I love me. Wow, that one is still hard to say. And I might even be “faking it ’til I make it” a bit here, but I do love getting to know me better. I have gone through some horrific times, but through it all, I am getting to know myself better. I am seeing some beauty underneath the veil of pain. I may not be the “ideal woman” but I am wonderfully made and I do have gifts to offer the world, gifts I never knew I had before my journey with Fibromyalgia began.

Certainly there is more to add to this list, but I think I have exposed enough to display that there are some pretty incredible gifts that have been offered to me as a result of my new life of living with chronic pain and illness. Some of these gifts I have to purposefully choose to accept. That isn’t always so easy, but since I am on a path to wellness, I continue to do my best and choose the right thing as often as possible. I hope you are able to identify some of what you love in the midst of the challenges you might be facing right now. As a good friend said to me last night, “as long as you can see the good that might come from your circumstances, you will come out on the other side alright”.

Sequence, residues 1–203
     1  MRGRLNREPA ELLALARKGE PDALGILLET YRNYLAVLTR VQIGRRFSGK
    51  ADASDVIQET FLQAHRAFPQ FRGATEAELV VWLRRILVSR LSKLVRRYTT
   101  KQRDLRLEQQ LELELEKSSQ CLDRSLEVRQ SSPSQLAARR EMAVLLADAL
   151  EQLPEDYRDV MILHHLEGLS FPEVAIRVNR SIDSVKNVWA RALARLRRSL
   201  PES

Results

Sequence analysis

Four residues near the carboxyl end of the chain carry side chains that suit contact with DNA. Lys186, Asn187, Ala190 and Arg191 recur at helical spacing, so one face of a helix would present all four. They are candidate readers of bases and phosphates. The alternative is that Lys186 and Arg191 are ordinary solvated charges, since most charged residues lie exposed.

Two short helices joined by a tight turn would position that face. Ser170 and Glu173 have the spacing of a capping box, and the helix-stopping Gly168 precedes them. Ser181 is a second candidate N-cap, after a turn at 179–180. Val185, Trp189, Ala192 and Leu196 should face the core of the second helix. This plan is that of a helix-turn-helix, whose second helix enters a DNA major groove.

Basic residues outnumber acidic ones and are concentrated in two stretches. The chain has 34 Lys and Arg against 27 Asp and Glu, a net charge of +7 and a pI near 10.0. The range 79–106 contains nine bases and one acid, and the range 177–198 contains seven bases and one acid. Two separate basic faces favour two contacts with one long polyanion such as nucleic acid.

4 thoughts on “What I Love

  1. This is exactly how I feel about chronic illness, that you have two choices: battle against it or accept it and find the good. I choose to accept it and find the good in it. It is a constant struggle, and I have to be mindful of how I’m reacting to things, but I think that there are always good things to come out of bad situations. There are experiences and people and paths that if it weren’t for my chronic illnesses I would never have found. And I am thankful for that as well.

  2. I love you, kid!! You amaze ME with your courage and strength and the way you make the CHOICE to LIVE in spite of chronic pain and illness with an assundrie of other difficulties that plague your life…continually! I love the way you have chosen to love others even when they are not loving you very well. I love that you are seeking to be WHOLE ~ spirit, soul, and body!

    I love that you “push through the PAIN to get to the JOY!”